Tagged: democracy

Digital Rights and Wrongs

With the European Elections fast approaching, the Open Rights Group have asked UK candidates what they think about key digital rights issues such as online privacy, surveillance state, open internet and copyright reform.  To view responses, visit the Open Rights Group EU Election pages.

The Open Rights Group is a grassroots technology organisation which exists to protect civil liberties wherever they are threatened by the poor implementation and regulation of digital technology.  This is an important area for advocacy and got me thinking. When we consider digital rights – particularly Internet access as a human right – government action to ensure equitable internet access and close digital divides appears straightforward.  However, the intersection between the internet and disabled people as users is not the sum, total interface between digital infrastructure and disability.

Last year at the biennial Disability Studies Association conference in Lancaster (UK), Australian academic Dr Helen Meekosha presented the keynote Contextualizing disability: developing southern/global theory. This paper advocated global perspectives on disability, challenging gaps in western/northern disability discourse.   Meekosha observes that global levels of disability are not a given, they are dependent on factors such as war, disaster, economics and climate change.  In view of this, the decisions made by elected governments on defence, trade, international aid and the environment have repercussions for levels of disability around the world.  I would argue that digital legislation is bound into this policy ecology.  For example, in environmental terms… (I’m thinking of Nicolas Carr’s assertion that the average Second Life avatar consumes as much energy as the average Brazillian and the revelations that the CO2 emissions of the ICT industry outstrip aviation) …green computing could be concieved as a human rights and disability issue.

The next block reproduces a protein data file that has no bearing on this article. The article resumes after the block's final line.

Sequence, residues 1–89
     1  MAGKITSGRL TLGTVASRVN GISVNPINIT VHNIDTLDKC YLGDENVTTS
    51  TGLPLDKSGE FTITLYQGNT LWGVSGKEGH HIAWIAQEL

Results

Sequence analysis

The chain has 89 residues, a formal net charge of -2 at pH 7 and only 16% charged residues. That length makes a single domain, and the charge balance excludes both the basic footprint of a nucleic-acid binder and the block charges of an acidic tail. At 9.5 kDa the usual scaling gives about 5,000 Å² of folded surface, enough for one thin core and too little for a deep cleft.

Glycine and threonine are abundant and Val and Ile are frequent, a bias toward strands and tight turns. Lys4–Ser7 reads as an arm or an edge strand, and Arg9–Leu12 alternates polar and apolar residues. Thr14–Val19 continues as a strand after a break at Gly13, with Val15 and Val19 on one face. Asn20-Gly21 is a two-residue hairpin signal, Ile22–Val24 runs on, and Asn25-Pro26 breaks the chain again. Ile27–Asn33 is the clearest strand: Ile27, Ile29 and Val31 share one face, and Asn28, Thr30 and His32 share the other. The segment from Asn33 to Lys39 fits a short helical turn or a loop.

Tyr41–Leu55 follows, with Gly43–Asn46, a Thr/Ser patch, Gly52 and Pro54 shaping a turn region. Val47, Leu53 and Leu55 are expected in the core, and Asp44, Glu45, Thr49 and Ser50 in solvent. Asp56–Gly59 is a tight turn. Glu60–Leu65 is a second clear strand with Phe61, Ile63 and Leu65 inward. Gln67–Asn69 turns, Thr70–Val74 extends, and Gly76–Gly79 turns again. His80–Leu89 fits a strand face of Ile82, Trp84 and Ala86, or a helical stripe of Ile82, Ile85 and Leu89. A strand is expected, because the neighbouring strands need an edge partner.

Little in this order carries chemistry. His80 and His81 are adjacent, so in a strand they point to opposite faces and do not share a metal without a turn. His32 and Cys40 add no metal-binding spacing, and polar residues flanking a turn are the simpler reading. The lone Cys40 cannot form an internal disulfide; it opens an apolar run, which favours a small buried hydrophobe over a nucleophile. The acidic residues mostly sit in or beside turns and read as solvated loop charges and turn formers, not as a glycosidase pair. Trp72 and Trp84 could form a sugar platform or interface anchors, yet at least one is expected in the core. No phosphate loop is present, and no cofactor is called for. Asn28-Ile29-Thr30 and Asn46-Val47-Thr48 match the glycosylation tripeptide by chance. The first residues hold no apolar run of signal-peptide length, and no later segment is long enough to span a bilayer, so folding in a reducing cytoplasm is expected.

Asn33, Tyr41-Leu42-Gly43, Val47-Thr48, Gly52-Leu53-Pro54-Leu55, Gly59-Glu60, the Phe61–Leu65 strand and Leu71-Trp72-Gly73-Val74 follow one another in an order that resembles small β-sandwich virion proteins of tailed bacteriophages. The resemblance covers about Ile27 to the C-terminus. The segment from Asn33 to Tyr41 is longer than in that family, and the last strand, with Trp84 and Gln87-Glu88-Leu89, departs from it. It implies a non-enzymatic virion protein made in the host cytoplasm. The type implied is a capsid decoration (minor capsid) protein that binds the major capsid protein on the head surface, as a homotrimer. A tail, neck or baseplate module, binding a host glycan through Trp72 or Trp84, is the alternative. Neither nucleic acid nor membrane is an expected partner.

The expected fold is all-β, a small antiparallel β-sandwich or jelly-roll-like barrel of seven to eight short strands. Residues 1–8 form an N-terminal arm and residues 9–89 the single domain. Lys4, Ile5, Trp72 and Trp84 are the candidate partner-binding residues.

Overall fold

However, Meekosha identifies more direct causal effects relating technology and disability, specifically through outsourcing to ‘eSweatshops’.  She also observes:

Disability scholars rarely venture into this territory – leaving these issues to scholars in feminism and international development.

Citing the excellent article ‘A New Front in the Sweatshop Wars?‘ by Farrell & Olsen, (2001) Meekosha highlights the emergence of eSweatshops, dedicated to data processing, as a physically damaging, disabling environments.  Farrell and Olsen scope high-profile academic digitisation projects that have been sub-contracted to countries such as Barbados, India, Mexico and Cambodia whilst observing the lack of any regulation.  In one instance they describe disabled people targeted for employment by a Harvard sub-contractor.  This is a complex area of competing interests, deftly handled by Farrell and Olsen. More recent literature from organisations such as Cafod focuses on manufacturing sweatshops, for ICTs and software. It’s a reminder that digital resources, tools and structures can infringe rights and create impairment, outside traditional views of inaccessible systems and accessibility discourse.